Monday, August 30, 2010

"Heart of Glass" (1979)

77. Blondie, "Heart of Glass" (March 17, 1979, #1)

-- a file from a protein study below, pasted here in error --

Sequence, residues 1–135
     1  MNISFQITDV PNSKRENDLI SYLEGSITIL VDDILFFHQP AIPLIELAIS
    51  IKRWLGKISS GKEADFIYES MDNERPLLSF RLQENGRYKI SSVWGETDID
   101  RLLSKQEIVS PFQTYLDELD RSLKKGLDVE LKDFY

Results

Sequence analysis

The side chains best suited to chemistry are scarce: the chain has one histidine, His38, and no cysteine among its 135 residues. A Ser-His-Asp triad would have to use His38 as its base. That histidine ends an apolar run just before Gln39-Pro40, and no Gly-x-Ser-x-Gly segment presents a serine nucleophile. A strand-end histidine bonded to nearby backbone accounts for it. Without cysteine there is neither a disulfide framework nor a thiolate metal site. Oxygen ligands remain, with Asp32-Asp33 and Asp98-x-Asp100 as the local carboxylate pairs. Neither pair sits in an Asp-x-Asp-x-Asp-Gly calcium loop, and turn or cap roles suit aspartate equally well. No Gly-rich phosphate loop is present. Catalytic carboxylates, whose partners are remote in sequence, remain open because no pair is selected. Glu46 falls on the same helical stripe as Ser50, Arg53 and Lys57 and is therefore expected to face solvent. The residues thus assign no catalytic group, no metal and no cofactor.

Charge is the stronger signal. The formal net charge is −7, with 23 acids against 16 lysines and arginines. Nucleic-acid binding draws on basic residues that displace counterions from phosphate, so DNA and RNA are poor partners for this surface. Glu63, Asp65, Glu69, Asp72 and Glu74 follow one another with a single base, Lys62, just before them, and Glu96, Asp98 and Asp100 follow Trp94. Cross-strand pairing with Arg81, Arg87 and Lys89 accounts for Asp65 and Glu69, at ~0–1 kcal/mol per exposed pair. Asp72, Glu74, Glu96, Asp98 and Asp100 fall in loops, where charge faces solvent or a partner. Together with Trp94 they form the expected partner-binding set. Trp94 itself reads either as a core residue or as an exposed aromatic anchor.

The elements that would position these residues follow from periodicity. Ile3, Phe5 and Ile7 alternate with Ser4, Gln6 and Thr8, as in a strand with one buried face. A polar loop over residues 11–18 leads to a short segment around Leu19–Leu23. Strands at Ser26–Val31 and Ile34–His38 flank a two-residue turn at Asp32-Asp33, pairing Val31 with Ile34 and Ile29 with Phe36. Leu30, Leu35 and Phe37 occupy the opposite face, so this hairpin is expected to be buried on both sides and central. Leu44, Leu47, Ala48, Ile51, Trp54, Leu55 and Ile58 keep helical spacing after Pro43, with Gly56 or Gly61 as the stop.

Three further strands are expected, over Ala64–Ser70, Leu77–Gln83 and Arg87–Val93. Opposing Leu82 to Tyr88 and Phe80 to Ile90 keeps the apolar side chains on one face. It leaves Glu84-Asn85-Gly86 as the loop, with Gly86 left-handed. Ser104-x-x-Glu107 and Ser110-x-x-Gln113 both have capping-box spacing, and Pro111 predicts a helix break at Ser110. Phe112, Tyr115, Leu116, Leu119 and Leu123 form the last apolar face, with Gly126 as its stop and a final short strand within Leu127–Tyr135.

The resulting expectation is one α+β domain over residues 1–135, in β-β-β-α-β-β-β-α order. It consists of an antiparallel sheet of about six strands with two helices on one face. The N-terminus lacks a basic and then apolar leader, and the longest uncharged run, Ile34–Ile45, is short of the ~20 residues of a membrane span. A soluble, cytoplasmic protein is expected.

Another heinous sellout of epic proportions, once again producing results that only the most hardened could object to. In this case, it is New York punk-rock scenesters Blondie dabbling in the dread disco and dancing their way to the top of the charts, incidentally inventing a neat counterpoint to the Rolling Stones' "Heart of Stone" (and maybe Neil Young's "Heart of Gold" too), which others have used elsewhere to good effect. The song actually started life in 1975 as a reggae number called "Once I Had a Love," which is frankly hard for me to imagine. As reconfigured a scant few years later, with producer Mike Chapman given his head at the board, it's one of the smoothest, slickest productions to emerge from the heyday of disco, as glistening and sleek and cool as the material that provides its name. The four-on-the-floor is thankfully understated (but there, oh there), the little guitar flicks almost tender, and the backing vocals positively meditative. It's the swirling layers of keyboards and the ethereal vocals from Deborah Harry that do most of the heavy lifting. The groove is so fine that this is one of those rare dance songs whose mixes can be judged by their length, i.e., longer better. Longer longer better better. Longer longer longer better better better. I'm not sure what I can add. It's good to dance to? Sometimes I think I might be getting a little tired of it, but often a change in setting, hearing it somewhere that surprises me—such as, these days, an elevator—can revive all its charms for me in an instant. Maybe that sounds like damning with faint praise, but that doesn't mean it's not a damn fine song.

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